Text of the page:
John Frampton, the father of the subject of this sketch, was a soldier in the War of the Revolution, belonging to the Cumberland county Rangers, and was with Washington when his army crossed the Delaware river on the floating ice, December 25, 1776.
Lucinda (Trowbridge) Frampton was born near Marietta, Ohio, April 8, 1811; married Elijah Frampton at Burlington, Ohio, May 28, 1828; died at Avon, Illinois, March 15, 1895.
In her youth she was possessed of more than ordinary beauty. She was of very cheerful disposition, always looking on the bright side of life. To the day of her death she had the faculty of attracting to herself the society of young people, which she greatly enjoyed. She was everybody’s friend-bore no malice.
William Walker Frampton, born at Burlington, Ohio, December 5, 1824; married Mary Anderson, in 1849; and again, Mary Miller, in 1852-both at Quincy, Illinois; again married (name not known), in 1867; and again, Ella Eckman-both of the latter at DeSoto, Kansas.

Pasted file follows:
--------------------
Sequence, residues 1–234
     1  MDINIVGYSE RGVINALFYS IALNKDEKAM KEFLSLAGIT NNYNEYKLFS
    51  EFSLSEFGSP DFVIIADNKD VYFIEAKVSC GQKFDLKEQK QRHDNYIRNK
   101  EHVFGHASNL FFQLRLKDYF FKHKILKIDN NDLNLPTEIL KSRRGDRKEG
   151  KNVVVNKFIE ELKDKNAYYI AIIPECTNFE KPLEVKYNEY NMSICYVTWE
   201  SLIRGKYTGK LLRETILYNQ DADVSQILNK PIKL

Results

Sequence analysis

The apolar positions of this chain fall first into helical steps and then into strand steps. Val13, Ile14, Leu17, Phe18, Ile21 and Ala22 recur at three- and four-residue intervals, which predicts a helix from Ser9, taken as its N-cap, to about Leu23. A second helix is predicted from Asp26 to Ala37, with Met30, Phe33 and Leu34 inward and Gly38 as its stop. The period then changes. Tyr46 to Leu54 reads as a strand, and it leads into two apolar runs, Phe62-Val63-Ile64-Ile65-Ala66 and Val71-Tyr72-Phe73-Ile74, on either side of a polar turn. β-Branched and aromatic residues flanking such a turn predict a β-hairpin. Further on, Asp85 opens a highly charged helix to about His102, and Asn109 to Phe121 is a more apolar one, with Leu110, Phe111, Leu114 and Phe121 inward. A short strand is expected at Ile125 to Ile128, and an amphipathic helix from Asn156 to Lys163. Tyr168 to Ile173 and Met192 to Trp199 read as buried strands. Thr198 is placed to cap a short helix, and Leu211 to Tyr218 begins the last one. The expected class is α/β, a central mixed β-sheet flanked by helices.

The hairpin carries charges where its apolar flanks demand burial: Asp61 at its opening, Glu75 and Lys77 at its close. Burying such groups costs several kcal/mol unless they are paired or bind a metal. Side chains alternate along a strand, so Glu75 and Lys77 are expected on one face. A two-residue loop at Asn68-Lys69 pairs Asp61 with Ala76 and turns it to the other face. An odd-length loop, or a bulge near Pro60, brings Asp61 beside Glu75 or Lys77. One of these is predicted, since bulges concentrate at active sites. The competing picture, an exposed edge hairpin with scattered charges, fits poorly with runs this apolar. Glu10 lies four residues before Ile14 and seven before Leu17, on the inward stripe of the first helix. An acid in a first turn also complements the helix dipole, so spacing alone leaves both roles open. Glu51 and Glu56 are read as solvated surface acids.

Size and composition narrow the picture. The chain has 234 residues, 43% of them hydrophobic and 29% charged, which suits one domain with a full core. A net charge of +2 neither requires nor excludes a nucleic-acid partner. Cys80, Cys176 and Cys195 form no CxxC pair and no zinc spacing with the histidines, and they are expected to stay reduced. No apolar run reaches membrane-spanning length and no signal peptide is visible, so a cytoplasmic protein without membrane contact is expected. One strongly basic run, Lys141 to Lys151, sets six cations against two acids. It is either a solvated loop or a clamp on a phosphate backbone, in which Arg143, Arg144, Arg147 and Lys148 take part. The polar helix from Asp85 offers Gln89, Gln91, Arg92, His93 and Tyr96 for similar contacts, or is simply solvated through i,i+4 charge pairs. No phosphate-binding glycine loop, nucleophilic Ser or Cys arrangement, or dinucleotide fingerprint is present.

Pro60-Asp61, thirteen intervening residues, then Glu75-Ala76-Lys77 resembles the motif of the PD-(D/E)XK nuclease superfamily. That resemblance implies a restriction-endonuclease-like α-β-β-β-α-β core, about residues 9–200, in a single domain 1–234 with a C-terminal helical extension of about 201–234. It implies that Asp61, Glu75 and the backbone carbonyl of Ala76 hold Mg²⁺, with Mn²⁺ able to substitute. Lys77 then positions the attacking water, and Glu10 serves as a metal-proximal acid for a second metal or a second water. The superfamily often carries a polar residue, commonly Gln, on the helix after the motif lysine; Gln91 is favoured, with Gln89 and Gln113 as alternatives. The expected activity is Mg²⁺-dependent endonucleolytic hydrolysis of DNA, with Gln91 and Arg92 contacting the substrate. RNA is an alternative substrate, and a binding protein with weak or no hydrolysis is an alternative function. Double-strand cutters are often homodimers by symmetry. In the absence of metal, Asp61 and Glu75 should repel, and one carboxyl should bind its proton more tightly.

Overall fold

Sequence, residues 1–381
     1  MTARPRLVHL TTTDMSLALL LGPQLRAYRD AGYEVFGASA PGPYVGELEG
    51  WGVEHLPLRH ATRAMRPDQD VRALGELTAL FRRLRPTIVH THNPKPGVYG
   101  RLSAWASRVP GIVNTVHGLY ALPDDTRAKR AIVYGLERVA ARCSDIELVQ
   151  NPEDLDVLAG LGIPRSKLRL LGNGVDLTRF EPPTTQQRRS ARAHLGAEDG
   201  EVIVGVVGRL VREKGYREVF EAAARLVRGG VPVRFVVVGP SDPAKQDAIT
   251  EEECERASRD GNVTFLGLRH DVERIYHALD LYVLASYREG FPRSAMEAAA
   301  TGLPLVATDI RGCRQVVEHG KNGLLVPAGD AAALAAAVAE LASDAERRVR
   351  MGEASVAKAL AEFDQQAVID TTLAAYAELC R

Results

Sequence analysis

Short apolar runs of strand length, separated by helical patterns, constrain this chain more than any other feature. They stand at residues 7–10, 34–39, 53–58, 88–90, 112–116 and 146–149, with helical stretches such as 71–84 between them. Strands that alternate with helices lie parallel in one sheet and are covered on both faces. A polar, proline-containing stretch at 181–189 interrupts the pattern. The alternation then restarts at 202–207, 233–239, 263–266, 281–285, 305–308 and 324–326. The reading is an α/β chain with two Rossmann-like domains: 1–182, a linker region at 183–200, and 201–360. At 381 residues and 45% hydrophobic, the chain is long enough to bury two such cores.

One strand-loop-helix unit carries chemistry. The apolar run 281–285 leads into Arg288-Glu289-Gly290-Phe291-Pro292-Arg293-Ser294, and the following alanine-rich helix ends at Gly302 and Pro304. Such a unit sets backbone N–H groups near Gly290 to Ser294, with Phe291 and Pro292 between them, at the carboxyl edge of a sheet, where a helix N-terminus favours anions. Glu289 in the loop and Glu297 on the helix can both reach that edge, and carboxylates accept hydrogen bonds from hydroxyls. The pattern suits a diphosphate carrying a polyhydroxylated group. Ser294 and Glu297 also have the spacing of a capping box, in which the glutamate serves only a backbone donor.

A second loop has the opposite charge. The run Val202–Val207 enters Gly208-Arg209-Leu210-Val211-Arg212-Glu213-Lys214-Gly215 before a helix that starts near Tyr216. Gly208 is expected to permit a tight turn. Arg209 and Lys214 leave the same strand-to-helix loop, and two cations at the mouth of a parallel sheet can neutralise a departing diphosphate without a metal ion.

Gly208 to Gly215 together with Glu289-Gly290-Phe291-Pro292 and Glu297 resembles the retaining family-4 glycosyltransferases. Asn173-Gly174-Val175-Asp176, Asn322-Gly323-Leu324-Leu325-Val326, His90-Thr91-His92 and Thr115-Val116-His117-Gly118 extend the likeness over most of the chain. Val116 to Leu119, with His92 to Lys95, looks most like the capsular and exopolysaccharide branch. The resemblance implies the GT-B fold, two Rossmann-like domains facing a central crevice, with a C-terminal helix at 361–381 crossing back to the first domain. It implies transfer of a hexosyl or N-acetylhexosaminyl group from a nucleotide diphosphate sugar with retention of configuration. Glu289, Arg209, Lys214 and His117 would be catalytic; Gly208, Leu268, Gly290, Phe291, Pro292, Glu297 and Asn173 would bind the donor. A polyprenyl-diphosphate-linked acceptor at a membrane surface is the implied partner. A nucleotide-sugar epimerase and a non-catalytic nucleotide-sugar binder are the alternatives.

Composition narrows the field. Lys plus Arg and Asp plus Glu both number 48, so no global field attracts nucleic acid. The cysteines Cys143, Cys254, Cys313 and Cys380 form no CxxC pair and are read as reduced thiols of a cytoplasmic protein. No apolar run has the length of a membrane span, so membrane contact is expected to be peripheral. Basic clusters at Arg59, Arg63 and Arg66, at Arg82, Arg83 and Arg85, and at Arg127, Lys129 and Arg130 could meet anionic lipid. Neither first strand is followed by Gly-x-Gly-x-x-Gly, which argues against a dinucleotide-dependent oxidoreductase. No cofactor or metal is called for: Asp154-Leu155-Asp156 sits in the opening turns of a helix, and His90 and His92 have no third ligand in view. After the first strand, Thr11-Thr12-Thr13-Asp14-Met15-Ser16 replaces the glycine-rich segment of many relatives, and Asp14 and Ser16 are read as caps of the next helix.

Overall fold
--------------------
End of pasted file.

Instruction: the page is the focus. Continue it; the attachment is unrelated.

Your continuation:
William was a stationary engineer and surveyor by profession. He learned the trade of engineer on a steamboat, on the Mississippi and Missouri rivers. In 1852, he came from near Blandinsvilie, Illinois. to Greenbush, Illinois, to take charge of a sawmill and corn-cracker owned by Ragon and Mather. In 1856, he and his brother Elijah bought the mill and put in two sets of burs for grinding wheat. On September 1, 1858, the mill burned down. At this time it belonged to Dr. Bailey Ragon, the Framptons having sold out to him in the spring of the year, William going to Blandinsville, Illinois, and Elijah to Kansas. William moved to DeSoto, Kansas, in 1859, where he now resides. He served as private in the Seventh Kansas infantry, in the War of the Rebellion, being mustered out in 1865. By his second wife William had three children: Charles, Amenia, and an infant, which died in infancy, at Blandinsville, Illinois.